The Dragon spacecraft is secured before being transported back to a SpaceX facility. (SpaceX)

The Dragon spacecraft is secured before being transported back to a SpaceX facility. (SpaceX)

«Read the rest of this article»

Sections: News | No Comments
 

NASA’s Johnson Space Center pushes hardware systems to the limit in their Structures Test Lab

 

NASA’s Johnson Space Center

NASA - National Aeronautics and Space AdministrationHouston, TX – Imagine a work place where it’s perfectly OK to break stuff … on purpose. There is such a place at Johnson Space Center in the Structures Test Lab (STL). A team of technicians and engineers spend their days conducting structural static load testing of assemblies and components to support programs and organizations inside and outside of JSC.

The lab performs about 30 tests per year, and much of what they do involves mechanical properties testing, which means they assess the strength and durability of a range of materials and perform full-scale verification testing of payloads and spacecraft structures.

Preparations underway for the CPAS Parachute Test Vehicle load test performed in 2008. (Credit: NASA)

Preparations underway for the CPAS Parachute Test Vehicle load test performed in 2008. (Credit: NASA)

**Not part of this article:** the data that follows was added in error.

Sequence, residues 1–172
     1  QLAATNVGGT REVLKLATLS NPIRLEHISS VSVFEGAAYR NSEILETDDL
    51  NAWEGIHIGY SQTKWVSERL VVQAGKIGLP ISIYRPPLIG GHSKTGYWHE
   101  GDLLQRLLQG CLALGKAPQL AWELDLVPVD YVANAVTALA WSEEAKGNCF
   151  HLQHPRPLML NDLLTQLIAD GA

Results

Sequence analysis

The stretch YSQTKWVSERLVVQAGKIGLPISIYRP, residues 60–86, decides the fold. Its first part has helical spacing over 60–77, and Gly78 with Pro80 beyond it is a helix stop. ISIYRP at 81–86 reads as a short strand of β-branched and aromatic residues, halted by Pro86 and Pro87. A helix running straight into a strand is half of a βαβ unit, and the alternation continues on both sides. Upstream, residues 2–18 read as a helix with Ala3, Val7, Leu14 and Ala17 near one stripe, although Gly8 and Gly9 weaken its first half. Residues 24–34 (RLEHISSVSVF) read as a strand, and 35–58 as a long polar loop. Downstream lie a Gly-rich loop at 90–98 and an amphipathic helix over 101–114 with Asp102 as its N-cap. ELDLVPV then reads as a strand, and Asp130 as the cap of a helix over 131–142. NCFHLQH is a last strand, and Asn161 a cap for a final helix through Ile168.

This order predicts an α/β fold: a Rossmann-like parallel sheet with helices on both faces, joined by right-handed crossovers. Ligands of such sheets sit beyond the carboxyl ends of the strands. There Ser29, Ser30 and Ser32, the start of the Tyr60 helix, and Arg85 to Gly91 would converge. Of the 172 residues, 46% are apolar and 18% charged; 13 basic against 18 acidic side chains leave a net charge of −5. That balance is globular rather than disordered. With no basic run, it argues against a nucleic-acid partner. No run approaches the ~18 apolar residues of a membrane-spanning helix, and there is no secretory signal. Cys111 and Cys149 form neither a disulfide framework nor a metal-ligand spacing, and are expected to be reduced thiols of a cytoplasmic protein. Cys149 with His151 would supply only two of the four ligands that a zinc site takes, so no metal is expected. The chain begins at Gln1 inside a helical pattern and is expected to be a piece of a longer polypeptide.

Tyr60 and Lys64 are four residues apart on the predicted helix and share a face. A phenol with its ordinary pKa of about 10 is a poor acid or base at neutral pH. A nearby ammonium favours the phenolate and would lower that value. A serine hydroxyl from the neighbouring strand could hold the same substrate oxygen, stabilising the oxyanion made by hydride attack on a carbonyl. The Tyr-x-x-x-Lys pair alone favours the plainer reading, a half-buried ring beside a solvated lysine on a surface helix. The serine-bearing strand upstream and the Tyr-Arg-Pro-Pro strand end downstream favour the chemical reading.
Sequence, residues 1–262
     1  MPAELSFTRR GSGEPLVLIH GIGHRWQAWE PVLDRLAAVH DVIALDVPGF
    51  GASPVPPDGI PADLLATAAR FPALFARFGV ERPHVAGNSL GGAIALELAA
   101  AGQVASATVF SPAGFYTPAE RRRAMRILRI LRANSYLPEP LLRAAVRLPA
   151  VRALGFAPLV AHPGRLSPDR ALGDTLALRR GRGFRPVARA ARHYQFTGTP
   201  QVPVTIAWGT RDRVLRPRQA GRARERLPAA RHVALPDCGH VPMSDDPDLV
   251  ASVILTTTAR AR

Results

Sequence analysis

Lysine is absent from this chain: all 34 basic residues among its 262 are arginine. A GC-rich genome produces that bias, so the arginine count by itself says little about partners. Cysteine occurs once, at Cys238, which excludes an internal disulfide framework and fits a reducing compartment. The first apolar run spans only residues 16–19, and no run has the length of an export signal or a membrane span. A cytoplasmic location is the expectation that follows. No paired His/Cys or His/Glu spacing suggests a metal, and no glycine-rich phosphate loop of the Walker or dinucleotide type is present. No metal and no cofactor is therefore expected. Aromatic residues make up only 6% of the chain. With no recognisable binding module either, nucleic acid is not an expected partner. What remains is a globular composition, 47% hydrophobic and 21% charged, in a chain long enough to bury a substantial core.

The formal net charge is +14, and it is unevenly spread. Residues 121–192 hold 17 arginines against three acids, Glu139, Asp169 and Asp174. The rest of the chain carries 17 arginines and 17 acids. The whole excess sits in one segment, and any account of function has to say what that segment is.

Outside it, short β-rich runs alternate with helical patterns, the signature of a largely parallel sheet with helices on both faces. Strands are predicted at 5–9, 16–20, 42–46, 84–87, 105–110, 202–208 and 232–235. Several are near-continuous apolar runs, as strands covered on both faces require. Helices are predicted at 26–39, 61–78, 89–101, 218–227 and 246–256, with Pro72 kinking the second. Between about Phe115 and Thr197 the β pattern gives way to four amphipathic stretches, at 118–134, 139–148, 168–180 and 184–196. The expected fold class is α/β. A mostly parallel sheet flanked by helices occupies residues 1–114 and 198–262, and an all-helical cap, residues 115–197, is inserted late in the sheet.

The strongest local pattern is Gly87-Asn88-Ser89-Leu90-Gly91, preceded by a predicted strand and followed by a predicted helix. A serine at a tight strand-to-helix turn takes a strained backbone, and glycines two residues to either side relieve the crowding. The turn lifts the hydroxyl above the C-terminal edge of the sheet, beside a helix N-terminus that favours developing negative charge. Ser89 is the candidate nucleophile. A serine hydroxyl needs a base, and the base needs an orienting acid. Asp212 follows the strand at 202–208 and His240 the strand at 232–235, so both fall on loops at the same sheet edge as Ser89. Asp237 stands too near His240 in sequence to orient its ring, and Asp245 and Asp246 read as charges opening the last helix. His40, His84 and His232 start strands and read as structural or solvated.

«Read the rest of this article»

Sections: Technology | No Comments
 

NASA’s Hubble Telescope measurements give astronomers data to predict Milky Way Galaxy collision with Andromeda Galaxy

 

Written by Dr. Tony Phillips
Science at NASA

NASA - National Aeronautics and Space AdministrationWashington, D.C. – NASA astronomers say they can now predict with certainty the next major cosmic event to affect our galaxy, sun, and solar system: the titanic collision of our Milky Way galaxy with the neighboring Andromeda galaxy.

The Milky Way is destined to get a major makeover during the encounter, which is predicted to happen four billion years from now. It is likely the sun will be flung into a new region of our galaxy, but our Earth and solar system are in no danger of being destroyed.

The Milky Way and Andromeda are moving toward each other under the inexorable pull of gravity. Also shown is a smaller galaxy, Triangulum, which may be part of the smashup. (Credit: NASA; ESA; A. Feild and R. van der Marel, STScI)

The Milky Way and Andromeda are moving toward each other under the inexorable pull of gravity. Also shown is a smaller galaxy, Triangulum, which may be part of the smashup. (Credit: NASA; ESA; A. Feild and R. van der Marel, STScI)

«Read the rest of this article»

Sections: Technology | No Comments
 



  • Visit Us On FacebookVisit Us On TwitterVisit Us On PinterestVisit Us On YoutubeCheck Our FeedVisit Us On Instagram
  • Personal Controls

    Now playing at the Movies